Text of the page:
Dubbed the “Great Russian Nutcracker,” this version of the holiday ballet staple pays tribute to Marius Petipa, who developed the Nutcracker choreography — and, for good measure, that of Swan Lake — and is credited as “The Father of Russian Ballet.” The Moscow Ballet has been touring its Nutcracker in the United States for more than 20 years and returns for another annual run at Strathmore. Thursday, Dec. 22, and Friday, Dec. 23, at 8 p.m. Music Center at Strathmore, 5301 Tuckerman Lane, North Bethesda. Tickets are $48 to $88. Call 301-581-5100 or visit

Every year for the past 12 years, Washington Ballet’s artistic director Septime Webre has offered his own twist on the family favorite, setting it in D.C.’s historic Georgetown neighborhood with George Washington as the titular figure and King George III as the Rat King. After two weekends in the intimate THEARC space in Southeast D.C. as part of the company’s efforts to spread and diversify its audience, the production sets up shop for nearly all of December at downtown’s Warner Theatre. Remaining performances Thursday, Dec. 22, and Friday, Dec. 23, at 2 and 7 p.m., and Saturday, Dec. 24, at 11 a.m. and 3:30 p.m. Warner Theatre, 513 13th St. NW. Tickets are $30 to $164. Call 202-889-5901 or visit


“Santiago Sent Us” features the Tenderloins, the four-member troupe behind the Impractical Jokers brand. Wednesday, Dec. 28, at 7:30 p.m. The Theater at MGM National Harbor, 7100 Harborview Ave., Oxon Hill, Md. Tickets are $50 to $90.91, or $125 for Official Platinum Seats. Call 844-646-6847 or visit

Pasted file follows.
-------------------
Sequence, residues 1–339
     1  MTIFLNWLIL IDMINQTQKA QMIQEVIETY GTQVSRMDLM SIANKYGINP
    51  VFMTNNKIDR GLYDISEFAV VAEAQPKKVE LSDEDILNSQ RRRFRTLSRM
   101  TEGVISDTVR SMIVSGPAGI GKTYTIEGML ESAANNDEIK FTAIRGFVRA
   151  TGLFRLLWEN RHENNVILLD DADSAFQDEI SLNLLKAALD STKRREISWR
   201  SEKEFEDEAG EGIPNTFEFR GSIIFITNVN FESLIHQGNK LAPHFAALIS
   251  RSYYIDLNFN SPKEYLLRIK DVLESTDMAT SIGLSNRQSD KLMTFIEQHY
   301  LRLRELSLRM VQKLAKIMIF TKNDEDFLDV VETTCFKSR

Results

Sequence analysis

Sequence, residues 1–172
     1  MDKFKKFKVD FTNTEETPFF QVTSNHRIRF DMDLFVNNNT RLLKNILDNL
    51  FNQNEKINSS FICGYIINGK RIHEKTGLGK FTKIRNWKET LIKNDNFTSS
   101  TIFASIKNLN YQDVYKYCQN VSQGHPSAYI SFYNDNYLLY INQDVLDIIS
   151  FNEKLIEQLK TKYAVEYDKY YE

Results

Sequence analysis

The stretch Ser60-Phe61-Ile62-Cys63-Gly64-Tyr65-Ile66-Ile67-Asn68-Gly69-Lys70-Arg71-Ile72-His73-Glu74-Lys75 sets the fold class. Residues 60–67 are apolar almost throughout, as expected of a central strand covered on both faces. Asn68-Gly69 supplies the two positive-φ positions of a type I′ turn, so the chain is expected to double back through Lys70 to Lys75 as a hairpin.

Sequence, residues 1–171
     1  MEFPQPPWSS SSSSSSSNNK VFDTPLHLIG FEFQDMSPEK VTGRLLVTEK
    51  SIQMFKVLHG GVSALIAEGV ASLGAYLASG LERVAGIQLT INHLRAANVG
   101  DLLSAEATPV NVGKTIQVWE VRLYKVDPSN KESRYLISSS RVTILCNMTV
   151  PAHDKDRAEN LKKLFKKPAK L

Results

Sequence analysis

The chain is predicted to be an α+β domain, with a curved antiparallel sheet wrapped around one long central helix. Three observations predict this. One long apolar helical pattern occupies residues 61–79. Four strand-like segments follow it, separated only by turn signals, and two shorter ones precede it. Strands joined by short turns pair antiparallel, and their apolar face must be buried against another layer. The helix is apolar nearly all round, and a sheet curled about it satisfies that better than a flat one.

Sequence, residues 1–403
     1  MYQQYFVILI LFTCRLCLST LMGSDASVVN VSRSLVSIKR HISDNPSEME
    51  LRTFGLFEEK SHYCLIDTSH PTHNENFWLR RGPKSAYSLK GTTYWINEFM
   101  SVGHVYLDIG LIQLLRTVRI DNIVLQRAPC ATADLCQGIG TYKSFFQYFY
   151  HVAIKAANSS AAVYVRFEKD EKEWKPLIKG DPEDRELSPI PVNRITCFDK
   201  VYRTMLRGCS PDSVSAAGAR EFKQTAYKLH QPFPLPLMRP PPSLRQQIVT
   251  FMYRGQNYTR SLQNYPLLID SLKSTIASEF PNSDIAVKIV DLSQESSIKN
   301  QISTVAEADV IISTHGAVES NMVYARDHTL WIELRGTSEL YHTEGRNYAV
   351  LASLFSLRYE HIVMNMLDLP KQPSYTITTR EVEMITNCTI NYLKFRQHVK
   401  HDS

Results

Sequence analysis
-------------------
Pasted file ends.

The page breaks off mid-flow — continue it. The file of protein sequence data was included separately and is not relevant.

The Comment Section on E! deconstructs the daily goings-on of pop culture via social media, as led by host Michael Kosta, who is the show’s co-executive producer along with Joel McHale. In addition to standup appearances on various late night talk shows, Kosta is also known from his work with Regis Philbin leading a panel of experts on Fox Sports’ Crowd Goes Wild. Thursday, Dec. 29, at 7 p.m., Friday, Dec. 30, at 8 and 10 p.m., and Saturday, Dec. 31, at 7 and 9 p.m. Drafthouse Comedy, 1100 13th St. NW. Tickets are $20. Call 202-750-6411 or visit

From his TV debut on Comedy Central in Gabriel Iglesias’ Stand Up Revolution to NBC’s Last Comic Standing to a recent appearance on The Tonight Show with Jimmy Fallon, Nick Guerra is definitely an up-and-comer. He’ll skewer relationships, family and everyday life in his signature cool and energetic style as part of the Comedy at the Kennedy Center series, with opener Sarah Tiana. Thursday, Dec. 29, at 6 p.m. Millennium Stage. Free. Call 202-467-4600 or visit

Tiny Tim is sickly, Marley is dead, and other plot points remain the same, but the Baltimore Improv Group offers An Improvised Christmas Carol, with performers using audience suggestions and interaction to inspire wild deviations from the standard script. Thursday, Dec. 22, and Friday, Dec. 23, at 7:30 and 10 p.m. Arlington Cinema N’ Drafthouse, 2903 Columbia Pike, Arlington. Tickets are $20. Call 703-486-2345 or visit